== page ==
Journal of Business Ethics

, Volume 46, Issue 2, pp 143–150

Corporate Versus Individual Moral Responsibility

Authors

  • C. Soares
    • Centro Regional do PortoUniversidade Católica Portuguesa
Article

DOI: 10.1023/A:1025061632660

Cite this article as:
Soares, C. Journal of Business Ethics (2003) 46: 143. doi:10.1023/A:1025061632660

Abstract

There is a clear tendency in contemporary political/legal thought to limit agency to individual agents, thereby denying the existence and relevance of collective moral agency in general, and corporate agency in particular. This tendency is ultimately rooted in two particular forms of individualism – methodological and fictive (abstract) – which have their source in the Enlightenment. Furthermore, the dominant notion of moral agency owes a lot to Kant whose moral/legal philosophy is grounded exclusively on abstract reason and personal autonomy, to the detriment of a due recognition of the socio-historical grounds of moral social conduct.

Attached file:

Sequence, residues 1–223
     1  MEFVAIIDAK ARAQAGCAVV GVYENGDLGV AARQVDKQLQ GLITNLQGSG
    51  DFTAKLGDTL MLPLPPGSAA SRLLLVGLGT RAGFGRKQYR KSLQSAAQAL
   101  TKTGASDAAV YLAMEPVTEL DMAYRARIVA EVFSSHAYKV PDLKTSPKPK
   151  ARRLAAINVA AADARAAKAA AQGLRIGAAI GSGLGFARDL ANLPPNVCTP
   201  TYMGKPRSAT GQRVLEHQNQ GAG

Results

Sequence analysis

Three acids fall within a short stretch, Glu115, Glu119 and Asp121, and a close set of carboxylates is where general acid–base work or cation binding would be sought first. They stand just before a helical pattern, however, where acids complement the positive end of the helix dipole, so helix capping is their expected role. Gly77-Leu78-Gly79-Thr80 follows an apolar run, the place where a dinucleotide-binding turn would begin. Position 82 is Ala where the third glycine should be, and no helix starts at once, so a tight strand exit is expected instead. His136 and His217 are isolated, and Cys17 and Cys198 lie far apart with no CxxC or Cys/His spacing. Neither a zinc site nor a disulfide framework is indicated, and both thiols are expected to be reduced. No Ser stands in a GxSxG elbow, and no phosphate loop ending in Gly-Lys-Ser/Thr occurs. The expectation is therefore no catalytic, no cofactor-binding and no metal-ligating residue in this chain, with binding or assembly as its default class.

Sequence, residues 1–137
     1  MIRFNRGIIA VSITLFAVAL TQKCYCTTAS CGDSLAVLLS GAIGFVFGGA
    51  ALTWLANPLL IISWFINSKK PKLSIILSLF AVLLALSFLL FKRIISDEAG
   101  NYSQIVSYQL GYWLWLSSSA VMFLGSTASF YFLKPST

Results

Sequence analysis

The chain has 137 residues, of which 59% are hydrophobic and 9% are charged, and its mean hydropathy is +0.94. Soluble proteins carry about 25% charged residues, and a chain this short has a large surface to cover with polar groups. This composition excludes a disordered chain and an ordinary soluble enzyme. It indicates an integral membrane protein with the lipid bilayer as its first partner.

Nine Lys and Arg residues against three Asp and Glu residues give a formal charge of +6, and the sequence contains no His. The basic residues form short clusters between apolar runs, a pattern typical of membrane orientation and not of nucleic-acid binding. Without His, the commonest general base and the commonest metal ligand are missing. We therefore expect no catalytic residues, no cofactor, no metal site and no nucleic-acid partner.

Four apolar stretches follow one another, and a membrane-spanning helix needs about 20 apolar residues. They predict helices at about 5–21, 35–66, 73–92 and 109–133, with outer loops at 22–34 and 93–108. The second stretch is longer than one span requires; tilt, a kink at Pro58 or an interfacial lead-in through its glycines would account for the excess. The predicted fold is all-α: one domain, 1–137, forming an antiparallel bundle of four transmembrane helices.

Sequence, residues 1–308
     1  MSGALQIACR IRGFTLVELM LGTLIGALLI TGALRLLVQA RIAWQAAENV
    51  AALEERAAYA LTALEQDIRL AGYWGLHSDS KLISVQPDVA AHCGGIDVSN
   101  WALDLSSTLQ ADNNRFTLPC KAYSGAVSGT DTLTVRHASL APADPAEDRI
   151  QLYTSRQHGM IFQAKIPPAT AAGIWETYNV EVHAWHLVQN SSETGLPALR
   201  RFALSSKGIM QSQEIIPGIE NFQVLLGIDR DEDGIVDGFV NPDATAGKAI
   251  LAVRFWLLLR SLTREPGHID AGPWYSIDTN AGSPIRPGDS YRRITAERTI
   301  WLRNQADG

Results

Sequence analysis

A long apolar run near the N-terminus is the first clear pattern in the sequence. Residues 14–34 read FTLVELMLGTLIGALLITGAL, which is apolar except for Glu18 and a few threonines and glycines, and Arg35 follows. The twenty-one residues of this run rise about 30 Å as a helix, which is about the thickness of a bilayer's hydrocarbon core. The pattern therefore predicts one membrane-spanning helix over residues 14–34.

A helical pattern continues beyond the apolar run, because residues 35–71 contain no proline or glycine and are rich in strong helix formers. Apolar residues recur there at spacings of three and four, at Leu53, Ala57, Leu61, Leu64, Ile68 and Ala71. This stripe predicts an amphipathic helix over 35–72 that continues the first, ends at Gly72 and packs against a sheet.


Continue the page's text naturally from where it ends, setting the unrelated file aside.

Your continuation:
I shall argue that an adequate theory of responsibility is needed, which does not only take into account individual responsibility, but also collective and corporate responsibility, capable of taking into consideration society and its problems. Furthermore, corporations are consciously and carefully structured organisations with different levels of management and have clearly defined aims and objectives, a central feature upon which I shall be focussing in this paper.

agencycorporate moral agencyindividualindividualistmoral responsibilitynominalistsrealist
Download to read the full article text

Copyright information

© Kluwer Academic Publishers 2003